Tuesday, January 31, 2006


The less said about Sheena Easton's "Sugar Walls" the better, and the entire Vanity catalog has mercifully escaped me. But I liked that duet with Apollonia on the Purple Rain soundtrack, even if no amount of fuzzy nostalgia can burnish her "hit" single's labored double entendres. Sheila E. was pretty catchy in her day. And in 1984, who would've known the wonders that Wendy and Lisa would bring to Neil Finn's last record, as well as the Largo stage? So maybe being a Prince "protege" isn't the worst fate. Now, on to the report:

Tamar with special guest Prince, The Fillmore, January 30, 2006: At least that's how the show was billed. I vaguely Googled Tamar before I bought the tickets, but they had me at with.

In typical Prince style, this show was announced mere days before the gig, tix were will-call only, and the band was set to hit the stage at midnight. Against all odds, I managed to get tix through the regular Internet sale, so it was just a matter of lining up a little before 10 to get into the Fillmore. The queue was manageable, and even the two-hour wait inside the club wasn't bad. The energy level was high, helped along by the great tunes streaming from the PA.

It's nice to take a step back from your usual subcultures and observe others' rites, and that's how I felt at this show. Lord knows I haven't seen an indie band elicit that much preshow dancing since, say, the first Franz Ferdinand tour, and it was impossible not to join in.

A little before midnight, we heard screams from somewhere in the middle of the dance floor, and following the eyes and fingers, we saw a small, shadowy figure being escorted around the perimeter of the Fillmore's balcony, from the back entrance to the backstage area. Obviously, it was Prince himself, and his presence signalled that the show was ready to begin.

Around 12:15, the show kicked off with the band assembled onstage and a few words of introduction from Prince, looking natty in a red and black suit and manning lead guitar. It's funny how much of your teenage trivia refuses to leave your brain. For some reason, I can't forget that Prince, Madonna, and Simon LeBon are all the same age. It's absolutely no contest: Prince still looks fantastic, which is more than I can say about my era's other idols.

Tamar looks a little like late-'70s/early-'80s Diana Ross and, with her backup singers/dancers, brings Tina Turner to mind as well. And speaking of the singers/dancers, they were twins--kinda like Diamond and Pearl, except doing stuff. I don't listen to modern R&B enough to compare her sound to the current trends, but with Prince supporting her, it certainly seemed like there was more to her songs than airy beats, drenched strings, and multi-octave excess. Instead, we got a few facets: the ballads (of course), the dance hits, and a lot more rocking than you might expect.

Prince took a background role--almost literally, in some instances. He mostly played guitar, lent backing vocals here and there, and interjected a few comments. For some songs, he was content to stand just offstage or retreat all the way to the back, hanging out with the other players. But that's not to say he's lost his taste for showmanship. For instance, he, Tamar, and the dancers took a short break for a costume change. And he welcomed the spotlight for a handful of guitar solos. I was surprised by how excited I was for this show. Yes, I'm an idiot for skipping the Musicology tour (blame my venue snobbery, not my music snobbery), and this wasn't exactly a Prince show, but it was thrilling to witness him for myself at the Fillmore.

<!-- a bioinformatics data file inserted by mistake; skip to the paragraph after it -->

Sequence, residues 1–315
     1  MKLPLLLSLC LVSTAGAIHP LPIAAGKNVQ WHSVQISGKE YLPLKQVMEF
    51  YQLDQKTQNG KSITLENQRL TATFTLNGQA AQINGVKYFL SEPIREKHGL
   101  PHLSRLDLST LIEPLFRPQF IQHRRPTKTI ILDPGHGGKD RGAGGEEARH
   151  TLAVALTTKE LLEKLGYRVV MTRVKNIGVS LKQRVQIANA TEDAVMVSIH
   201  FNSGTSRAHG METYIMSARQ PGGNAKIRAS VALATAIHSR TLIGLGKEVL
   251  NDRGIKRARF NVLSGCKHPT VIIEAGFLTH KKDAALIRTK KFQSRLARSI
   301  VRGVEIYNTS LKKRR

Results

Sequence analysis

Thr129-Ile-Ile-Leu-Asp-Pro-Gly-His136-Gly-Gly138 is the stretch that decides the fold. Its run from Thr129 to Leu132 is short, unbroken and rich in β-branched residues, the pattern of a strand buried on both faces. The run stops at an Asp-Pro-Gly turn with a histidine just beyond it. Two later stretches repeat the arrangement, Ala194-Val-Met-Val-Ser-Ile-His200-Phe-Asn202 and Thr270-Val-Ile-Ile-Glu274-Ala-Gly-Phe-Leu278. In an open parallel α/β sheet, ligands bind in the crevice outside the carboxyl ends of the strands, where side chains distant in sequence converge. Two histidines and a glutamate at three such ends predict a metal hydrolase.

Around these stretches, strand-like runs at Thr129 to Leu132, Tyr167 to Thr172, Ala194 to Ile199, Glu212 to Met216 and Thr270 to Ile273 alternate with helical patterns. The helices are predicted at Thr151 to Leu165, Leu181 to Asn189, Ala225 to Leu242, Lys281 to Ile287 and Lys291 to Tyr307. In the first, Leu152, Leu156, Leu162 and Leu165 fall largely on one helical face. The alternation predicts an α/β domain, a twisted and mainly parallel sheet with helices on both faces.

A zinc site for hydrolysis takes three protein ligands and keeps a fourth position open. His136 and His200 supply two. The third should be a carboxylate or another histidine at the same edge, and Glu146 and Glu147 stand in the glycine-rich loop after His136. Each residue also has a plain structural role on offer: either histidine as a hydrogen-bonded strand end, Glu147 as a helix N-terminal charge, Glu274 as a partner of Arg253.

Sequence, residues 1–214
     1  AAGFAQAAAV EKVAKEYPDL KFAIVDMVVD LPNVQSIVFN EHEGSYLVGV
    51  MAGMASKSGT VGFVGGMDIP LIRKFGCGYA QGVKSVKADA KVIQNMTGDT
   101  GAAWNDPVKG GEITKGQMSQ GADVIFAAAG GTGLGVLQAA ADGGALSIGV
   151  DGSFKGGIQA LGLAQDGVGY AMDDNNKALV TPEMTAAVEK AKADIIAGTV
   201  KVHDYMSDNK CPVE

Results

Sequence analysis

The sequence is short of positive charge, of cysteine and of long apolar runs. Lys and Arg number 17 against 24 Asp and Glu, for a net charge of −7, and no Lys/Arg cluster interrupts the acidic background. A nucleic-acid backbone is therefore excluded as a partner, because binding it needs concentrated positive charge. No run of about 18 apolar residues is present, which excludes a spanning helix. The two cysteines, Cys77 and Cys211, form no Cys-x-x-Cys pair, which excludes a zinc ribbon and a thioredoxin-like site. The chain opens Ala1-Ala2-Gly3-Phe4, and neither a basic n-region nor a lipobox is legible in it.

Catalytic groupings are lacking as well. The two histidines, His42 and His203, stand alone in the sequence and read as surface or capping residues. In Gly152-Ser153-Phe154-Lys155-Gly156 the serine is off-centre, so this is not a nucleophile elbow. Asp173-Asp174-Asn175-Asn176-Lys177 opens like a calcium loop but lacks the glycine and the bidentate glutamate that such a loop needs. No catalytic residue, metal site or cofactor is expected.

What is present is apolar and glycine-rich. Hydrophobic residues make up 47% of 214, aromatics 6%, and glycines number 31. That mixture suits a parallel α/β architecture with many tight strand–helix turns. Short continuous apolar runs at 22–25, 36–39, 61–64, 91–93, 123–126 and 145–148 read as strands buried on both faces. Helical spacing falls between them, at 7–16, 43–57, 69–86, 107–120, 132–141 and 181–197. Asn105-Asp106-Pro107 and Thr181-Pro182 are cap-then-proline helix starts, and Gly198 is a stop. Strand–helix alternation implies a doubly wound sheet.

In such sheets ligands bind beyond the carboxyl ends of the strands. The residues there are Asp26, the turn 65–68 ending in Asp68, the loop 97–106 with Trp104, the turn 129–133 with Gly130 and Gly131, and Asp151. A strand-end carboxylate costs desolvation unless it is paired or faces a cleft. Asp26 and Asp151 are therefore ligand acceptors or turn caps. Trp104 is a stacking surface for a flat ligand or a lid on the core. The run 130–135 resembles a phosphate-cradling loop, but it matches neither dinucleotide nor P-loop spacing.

I had heard that they would do no more than an hour set, but they played until minutes before 2am. Toward the end, they kicked off a long medley of soul classics, including hits made popular by Aretha Franklin and Michael and Janet Jackson, among others. I thought it was odd that they would do other people's hits from Prince's heyday, but perhaps those songs suited Tamar better or maybe Prince wanted her to stand on her own talents. In fact, he referred to her at least a couple of times as his "baby sister." They also brought the audience in a number of times. I heard it's part of the show's script, but it was new to me, pandering be damned.

I missed Nels Cline's show across the bay for this gig, but I stand by my decision. As soon as I stepped off the last step of the Fillmore's stairs, my energy drained away and my legs were like rubber, but I take that as a sign of a good night.

Tuesday, January 24, 2006

calling all bed wetters and ambulance chasers

The last of three! It was about a year ago that Colin Meloy embarked on a solo tour, and perhaps this is becoming a new tradition. If it is, he's in good company.

Colin Meloy, El Rey Theatre, January 21, 2006: Oh dear, as if populating his songs with characters that would make even Dickens and Robert Louis Stevenson blush weren't enough, Colin had a stage setup that consisted of a table holding up a small galleon, a stuffed sheep, and a skull. Could the Bard be in his sights?

Colin Meloy, El Rey Theatre, January 21, 2006Fortunately, the skull was named Cheryl, probably not big on the baby register in the Renaissance. Also to his credit, Colin's music is built upon a solid foundation of poetry, melody, and emotion that overshadows the more precious moments he's prone to dreaming up. It's easy to see why the room of mostly underage fans were so taken with him and were ready to follow his every command, from snapping their fingers to banging their heads to closing their eyes and imagining themselves gathered around a campfire in Colorado. He is a masterful storyteller, and his tableaus are a far cry from, for example, the doctored reality programming that seems to have invaded every corner of our culture. And for those of us who can legally drink, it's never a bad thing when you hear not only strains of past influences but also the new twists that remind you how music can still surprise and delight.